The risks to Digital Data Preservation.
I attended a lecture by Dr. Natalie Harrower the Director of Digital Repository of Ireland about Digital Preservation, the beginnings of it, the methods used to preserve it (namely repositories) and the importance of having these repositories in place for the preservation of digital data. The task of digital preservation is a challenging one, more so than that of a tangible item. Unlike a physical item all digital materials have a unifying characteristic, that they are machine dependable, the more technology becomes sophisticated, the more dependency lies on a certain system or piece of hardware to read/store that piece of data down the line. This dependency on different technologies while they are being updated and improved upon, along with the fact that there are different policies and legal considerations that come into play regarding privacy, are all important risks to digital preservation that need to be taken on board when considering this topic.
A digital repository according to Harrower is ‘an infrastructure that provides long term storage, management, and preservation of digital resources as well as reliable access to these resources.’ What I like about this quote is that this type of repository will provide long term storage for these digital resources. In the digital age that we are living in, data and data management is constantly changing. A digital file is stored as a series of bits or binary digits, these bits are then stored on some media device. The problem with this however is that storage media can decay which may lead to corrupted files down the line, these files could be attacked maliciously by a virus or somebody could forget about that storage device or lose it, especially with something as small as a memory stick. I emphasis the last point here as even though I am talking about the importance and risks to digital preservation I am the number one suspect when it comes to losing memory. However, the biggest or what I believe the biggest threat to digital preservation to be is that this new technology is being created at such an accelerated rate that preservationists have had to adapt very quickly, projects that were stored on a floppy disk 10 years ago are now obsolete, even data saved to a physical hard drive has now moved to data being saved on cloud storage.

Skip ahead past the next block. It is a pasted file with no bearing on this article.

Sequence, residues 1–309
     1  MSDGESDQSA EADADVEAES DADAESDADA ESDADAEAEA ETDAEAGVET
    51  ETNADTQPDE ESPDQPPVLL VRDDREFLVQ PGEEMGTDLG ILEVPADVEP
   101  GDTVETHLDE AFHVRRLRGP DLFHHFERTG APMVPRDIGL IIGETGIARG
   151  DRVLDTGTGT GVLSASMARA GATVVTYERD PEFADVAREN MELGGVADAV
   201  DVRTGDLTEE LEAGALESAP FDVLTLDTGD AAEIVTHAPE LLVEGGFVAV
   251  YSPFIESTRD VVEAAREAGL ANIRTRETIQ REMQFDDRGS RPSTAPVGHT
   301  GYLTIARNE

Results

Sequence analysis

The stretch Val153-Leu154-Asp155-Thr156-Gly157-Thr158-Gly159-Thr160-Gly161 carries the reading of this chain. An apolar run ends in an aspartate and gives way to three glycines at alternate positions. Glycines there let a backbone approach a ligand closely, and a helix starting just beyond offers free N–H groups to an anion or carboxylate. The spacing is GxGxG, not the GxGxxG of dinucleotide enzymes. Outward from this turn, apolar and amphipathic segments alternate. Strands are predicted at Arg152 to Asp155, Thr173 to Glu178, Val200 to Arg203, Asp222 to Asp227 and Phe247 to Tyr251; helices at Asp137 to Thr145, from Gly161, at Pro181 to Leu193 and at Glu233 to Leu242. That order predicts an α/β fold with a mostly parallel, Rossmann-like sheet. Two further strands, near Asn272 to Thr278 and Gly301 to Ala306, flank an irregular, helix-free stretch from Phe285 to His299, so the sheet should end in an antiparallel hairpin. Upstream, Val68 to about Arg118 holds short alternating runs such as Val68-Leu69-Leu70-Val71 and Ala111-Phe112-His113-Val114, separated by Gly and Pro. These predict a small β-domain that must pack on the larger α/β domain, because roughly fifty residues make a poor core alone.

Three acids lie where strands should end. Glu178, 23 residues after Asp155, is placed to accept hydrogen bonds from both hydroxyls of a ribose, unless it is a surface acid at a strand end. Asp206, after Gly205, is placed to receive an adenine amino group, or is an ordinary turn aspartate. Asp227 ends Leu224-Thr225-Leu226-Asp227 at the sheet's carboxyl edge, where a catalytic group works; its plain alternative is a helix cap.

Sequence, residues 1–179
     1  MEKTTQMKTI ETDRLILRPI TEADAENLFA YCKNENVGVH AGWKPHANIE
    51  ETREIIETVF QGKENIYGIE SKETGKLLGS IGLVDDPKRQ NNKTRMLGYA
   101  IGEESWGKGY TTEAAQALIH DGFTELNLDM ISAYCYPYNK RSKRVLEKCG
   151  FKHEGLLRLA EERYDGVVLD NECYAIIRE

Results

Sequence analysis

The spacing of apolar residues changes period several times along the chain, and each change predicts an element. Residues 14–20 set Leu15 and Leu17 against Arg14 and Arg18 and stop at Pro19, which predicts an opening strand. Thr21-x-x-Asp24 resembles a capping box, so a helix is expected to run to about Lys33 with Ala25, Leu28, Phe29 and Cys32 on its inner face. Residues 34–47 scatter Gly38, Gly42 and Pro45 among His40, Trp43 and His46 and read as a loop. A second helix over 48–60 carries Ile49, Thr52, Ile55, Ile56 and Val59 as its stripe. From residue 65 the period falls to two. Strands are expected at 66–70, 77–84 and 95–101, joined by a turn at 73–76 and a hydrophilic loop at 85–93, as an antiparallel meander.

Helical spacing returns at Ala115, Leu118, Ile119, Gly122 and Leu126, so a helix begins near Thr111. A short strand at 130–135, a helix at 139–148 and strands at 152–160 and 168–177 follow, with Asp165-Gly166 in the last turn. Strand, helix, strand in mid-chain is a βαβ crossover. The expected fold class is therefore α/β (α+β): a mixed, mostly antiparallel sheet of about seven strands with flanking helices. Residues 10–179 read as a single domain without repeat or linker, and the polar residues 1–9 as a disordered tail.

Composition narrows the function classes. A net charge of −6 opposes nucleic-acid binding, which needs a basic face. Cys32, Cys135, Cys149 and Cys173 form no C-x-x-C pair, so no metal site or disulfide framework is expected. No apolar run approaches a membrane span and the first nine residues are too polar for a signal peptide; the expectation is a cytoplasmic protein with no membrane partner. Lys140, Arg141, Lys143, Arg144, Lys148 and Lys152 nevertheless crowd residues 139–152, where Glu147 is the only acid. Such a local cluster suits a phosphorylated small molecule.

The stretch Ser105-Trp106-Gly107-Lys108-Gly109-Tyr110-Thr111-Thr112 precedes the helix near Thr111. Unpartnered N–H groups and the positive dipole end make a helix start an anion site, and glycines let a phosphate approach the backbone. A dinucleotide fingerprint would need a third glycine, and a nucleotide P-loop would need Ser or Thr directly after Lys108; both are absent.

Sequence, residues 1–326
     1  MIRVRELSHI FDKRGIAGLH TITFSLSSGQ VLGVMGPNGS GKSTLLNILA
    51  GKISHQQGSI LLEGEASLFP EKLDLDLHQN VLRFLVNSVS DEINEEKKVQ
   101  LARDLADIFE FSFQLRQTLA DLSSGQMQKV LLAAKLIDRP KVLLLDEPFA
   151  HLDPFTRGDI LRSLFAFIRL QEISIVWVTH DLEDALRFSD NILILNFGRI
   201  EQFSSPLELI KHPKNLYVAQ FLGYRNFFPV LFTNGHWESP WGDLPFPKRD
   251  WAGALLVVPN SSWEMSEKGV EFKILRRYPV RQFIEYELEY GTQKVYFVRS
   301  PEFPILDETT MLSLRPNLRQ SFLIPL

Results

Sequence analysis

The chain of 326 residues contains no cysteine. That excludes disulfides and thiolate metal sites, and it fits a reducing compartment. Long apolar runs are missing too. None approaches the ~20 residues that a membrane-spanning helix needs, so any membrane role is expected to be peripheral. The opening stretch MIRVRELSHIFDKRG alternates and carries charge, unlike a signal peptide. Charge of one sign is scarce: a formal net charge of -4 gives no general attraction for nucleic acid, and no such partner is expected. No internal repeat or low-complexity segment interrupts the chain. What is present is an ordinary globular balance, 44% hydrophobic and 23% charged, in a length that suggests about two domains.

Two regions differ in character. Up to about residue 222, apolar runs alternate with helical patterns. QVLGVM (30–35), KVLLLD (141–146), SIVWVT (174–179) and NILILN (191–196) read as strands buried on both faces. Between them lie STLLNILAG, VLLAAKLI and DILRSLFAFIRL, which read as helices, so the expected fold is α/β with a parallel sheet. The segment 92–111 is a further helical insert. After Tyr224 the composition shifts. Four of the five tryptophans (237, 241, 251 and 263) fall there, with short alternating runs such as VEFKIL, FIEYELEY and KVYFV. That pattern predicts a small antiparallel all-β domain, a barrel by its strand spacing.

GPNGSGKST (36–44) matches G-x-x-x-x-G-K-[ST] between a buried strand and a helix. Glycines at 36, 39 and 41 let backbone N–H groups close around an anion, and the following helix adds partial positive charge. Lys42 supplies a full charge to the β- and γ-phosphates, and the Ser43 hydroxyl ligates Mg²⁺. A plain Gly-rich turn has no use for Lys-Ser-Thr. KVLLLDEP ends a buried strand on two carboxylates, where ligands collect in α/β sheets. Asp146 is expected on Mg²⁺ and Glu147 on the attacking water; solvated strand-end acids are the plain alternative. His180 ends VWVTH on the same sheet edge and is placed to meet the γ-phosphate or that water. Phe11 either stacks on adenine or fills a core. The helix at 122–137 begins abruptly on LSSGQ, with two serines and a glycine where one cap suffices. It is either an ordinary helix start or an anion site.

Metadata is at the core to this preservation, particularly for the Digital Repository of Ireland. According to the National Information Standards Organisation, metadata is ‘structured information that describes, explains, locates, or otherwise makes it easier to retrieve, use, or manage an information resource.’ Meta data not only helps with the preservation but it will also store information like who has created the data, who has the right to that information and if there are any intellectual or property rights associated with said data. This however this can give rise to problems in itself, namely the standards of the metadata. With this rise in different digital technologies as mentioned above preservationists have had to adapt quickly. The four most common standards for metadata are Dublin Core, EAD, MARC, MODS and these are also the four which are supported by DRI. This standardisation on metadata means that a certain community will be all singing essentially off the same hymn sheet, it results in a consistency in the metadata which will lead to more accurate search and retrievals of that information.